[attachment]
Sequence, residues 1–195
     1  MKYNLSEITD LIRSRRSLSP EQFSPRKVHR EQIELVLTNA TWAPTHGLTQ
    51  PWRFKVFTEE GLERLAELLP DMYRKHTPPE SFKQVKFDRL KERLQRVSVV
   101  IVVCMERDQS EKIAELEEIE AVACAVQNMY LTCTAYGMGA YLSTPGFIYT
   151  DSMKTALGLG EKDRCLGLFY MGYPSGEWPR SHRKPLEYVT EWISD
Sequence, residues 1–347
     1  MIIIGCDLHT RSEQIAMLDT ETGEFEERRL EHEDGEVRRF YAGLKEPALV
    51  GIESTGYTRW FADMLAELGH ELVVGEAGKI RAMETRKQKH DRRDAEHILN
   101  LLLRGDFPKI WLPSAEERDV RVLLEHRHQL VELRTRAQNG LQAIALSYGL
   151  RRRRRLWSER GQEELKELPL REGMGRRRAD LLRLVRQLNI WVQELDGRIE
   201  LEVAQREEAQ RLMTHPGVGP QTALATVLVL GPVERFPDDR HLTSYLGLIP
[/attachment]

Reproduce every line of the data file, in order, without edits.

Sequence, residues 1–195
     1  MKYNLSEITD LIRSRRSLSP EQFSPRKVHR EQIELVLTNA TWAPTHGLTQ
    51  PWRFKVFTEE GLERLAELLP DMYRKHTPPE SFKQVKFDRL KERLQRVSVV
   101  IVVCMERDQS EKIAELEEIE AVACAVQNMY LTCTAYGMGA YLSTPGFIYT
   151  DSMKTALGLG EKDRCLGLFY MGYPSGEWPR SHRKPLEYVT EWISD
Sequence, residues 1–347
     1  MIIIGCDLHT RSEQIAMLDT ETGEFEERRL EHEDGEVRRF YAGLKEPALV
    51  GIESTGYTRW FADMLAELGH ELVVGEAGKI RAMETRKQKH DRRDAEHILN
   101  LLLRGDFPKI WLPSAEERDV RVLLEHRHQL VELRTRAQNG LQAIALSYGL
   151  RRRRRLWSER GQEELKELPL REGMGRRRAD LLRLVRQLNI WVQELDGRIE
   201  LEVAQREEAQ RLMTHPGVGP QTALATVLVL GPVERFPDDR HLTSYLGLIP